Quilters Dream sent me samples of their new fusible batting.  All I can say is ... Oh.  My.  Gosh.  It's amazing.  This is the poly that I cut into first.  Once it's gone I'll use the cotton.  If you want to give it a try ask about it at your local quilt store or send them a message!  Be sure to tell them Urban Elementz sent you!!  (as a mental note here ... if they send you the free sample and all you're using is scraps then ... guess what ... you've got free ornaments for all those exchanges in December!)

    Quick Scrappy Christmas Ornament

    5)  Fold your piece of ric-rac in half.

    Quick Scrappy Christmas Ornament

    6)  Line up the raw edges of the folded ric-rac with the middle of the raw edge of one side of the mini-block.  Secure with stitching about 1/8" from the raw edge.

    Quick Scrappy Christmas Ornament

    7)  Lay the 3 1/2" square on top of the mini-block, right sides together, matching all four corners.

    Quick Scrappy Christmas Ornament

    8)  Pin the four corners.  I guess you could pin the snot out of it but it's so darn little it may not be worth it.

    Quick Scrappy Christmas Ornament

    9)  Using a 1/4" seam allowance sew around the outside edge leaving a 2" opening at the top.  (i guess it could be any side ... i liked the top though ...)  Remove the pins.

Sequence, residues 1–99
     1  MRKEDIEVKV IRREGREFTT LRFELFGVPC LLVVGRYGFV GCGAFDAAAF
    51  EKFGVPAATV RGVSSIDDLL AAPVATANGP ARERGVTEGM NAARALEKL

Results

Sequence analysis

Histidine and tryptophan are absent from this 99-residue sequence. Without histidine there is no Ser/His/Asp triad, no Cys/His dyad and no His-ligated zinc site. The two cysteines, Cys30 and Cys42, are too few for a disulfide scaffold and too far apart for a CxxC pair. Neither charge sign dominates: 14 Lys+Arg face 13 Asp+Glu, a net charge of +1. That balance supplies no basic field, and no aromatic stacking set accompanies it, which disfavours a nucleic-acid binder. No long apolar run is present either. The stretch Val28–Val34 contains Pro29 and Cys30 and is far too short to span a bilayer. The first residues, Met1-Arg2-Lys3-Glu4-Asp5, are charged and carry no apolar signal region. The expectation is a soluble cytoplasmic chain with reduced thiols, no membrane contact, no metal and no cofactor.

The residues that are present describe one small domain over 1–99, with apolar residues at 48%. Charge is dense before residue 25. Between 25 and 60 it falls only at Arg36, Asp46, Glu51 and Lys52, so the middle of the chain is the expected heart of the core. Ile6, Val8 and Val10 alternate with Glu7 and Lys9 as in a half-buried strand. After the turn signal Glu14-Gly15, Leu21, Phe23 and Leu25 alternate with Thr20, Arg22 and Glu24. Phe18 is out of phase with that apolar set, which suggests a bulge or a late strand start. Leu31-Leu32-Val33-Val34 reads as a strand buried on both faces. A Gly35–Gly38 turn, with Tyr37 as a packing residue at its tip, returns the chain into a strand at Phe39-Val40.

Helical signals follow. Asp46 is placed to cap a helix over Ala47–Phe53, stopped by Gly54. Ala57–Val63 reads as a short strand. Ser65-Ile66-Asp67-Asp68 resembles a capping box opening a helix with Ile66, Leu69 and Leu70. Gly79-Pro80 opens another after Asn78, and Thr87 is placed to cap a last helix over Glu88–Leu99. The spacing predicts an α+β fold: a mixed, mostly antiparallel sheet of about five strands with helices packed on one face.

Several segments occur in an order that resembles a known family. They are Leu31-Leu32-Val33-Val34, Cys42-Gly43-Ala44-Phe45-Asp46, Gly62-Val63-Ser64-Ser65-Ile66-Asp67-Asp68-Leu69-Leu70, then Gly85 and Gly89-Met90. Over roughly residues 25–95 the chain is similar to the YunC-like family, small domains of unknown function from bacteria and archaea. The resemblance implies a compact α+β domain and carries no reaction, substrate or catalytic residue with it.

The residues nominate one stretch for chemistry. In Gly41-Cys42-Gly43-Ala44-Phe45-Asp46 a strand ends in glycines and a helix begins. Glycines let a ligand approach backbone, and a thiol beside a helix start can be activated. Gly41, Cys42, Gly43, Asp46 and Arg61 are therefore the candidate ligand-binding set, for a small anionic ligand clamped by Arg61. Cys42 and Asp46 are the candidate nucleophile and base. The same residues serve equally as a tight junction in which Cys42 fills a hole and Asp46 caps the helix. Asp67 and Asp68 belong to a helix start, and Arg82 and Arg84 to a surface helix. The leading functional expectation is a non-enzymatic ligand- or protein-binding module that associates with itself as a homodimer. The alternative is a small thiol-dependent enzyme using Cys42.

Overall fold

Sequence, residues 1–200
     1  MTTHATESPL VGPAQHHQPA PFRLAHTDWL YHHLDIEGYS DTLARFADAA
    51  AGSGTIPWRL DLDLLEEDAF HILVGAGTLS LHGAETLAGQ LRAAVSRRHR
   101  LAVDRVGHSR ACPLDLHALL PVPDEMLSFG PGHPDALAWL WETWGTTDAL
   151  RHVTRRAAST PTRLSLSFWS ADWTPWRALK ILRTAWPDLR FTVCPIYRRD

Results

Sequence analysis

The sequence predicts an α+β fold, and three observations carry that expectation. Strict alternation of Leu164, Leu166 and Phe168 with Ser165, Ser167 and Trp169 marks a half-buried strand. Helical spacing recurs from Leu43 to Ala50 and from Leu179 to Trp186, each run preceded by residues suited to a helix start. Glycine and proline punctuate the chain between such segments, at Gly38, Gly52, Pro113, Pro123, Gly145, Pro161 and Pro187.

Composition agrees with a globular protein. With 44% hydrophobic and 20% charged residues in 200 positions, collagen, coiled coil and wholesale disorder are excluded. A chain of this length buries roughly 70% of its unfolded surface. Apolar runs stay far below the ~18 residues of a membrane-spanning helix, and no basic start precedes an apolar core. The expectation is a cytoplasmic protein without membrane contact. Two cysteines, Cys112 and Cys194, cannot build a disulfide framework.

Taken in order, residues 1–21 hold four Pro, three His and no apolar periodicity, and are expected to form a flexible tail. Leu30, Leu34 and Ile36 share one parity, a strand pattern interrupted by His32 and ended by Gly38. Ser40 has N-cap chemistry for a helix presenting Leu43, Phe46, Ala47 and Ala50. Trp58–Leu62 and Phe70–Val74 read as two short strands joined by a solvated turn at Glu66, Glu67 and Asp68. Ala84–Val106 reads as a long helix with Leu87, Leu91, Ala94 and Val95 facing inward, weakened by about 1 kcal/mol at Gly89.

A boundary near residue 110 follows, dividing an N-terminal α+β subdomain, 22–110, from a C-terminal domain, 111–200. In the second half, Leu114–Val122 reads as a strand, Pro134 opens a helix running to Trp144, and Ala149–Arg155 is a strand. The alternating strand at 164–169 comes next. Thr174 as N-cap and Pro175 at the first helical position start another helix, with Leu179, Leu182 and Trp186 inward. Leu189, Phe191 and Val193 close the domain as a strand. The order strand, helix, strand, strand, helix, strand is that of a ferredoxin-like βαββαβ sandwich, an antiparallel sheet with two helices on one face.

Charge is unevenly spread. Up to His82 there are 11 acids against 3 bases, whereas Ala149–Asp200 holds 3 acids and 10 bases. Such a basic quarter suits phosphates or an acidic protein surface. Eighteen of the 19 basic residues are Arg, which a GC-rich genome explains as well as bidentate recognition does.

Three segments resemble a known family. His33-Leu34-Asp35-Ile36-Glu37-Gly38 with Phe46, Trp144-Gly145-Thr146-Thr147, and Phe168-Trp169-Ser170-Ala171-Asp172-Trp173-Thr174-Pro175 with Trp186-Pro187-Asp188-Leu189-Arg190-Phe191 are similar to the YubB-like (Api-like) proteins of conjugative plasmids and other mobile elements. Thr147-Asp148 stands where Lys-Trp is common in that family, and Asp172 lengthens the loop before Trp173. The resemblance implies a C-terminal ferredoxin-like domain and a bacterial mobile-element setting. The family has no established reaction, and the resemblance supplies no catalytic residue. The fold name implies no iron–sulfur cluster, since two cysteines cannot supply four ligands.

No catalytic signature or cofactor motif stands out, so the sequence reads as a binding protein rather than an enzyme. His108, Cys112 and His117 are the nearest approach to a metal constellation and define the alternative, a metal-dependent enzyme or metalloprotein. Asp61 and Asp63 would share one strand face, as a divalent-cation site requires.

Quick Scrappy Christmas Ornament

    10)  Trim the corners.

    Quick Scrappy Christmas Ornament

    11)  Then, at a steeper (right word?) angle, trim the corners again.  This removes even more of the bulk fabric and batting from the corners.

    Quick Scrappy Christmas Ornament

    12)  Turn right side out through the 2" opening.

    Quick Scrappy Christmas Ornament

    13)  Push the corners out with your finger.  (they'll look like this.)

    Quick Scrappy Christmas Ornament

    14)  Then I went and pushed them out further with this little purple tool.  It's not That Purple Thang, but very similar.  (there's no name on it and i threw the package away years ago ... whoops!)  That Purple Thang or any tool like that would work great for the corners.

    Quick Scrappy Christmas Ornament

    15)  I then folded the edges of the opening in ...

    Quick Scrappy Christmas Ornament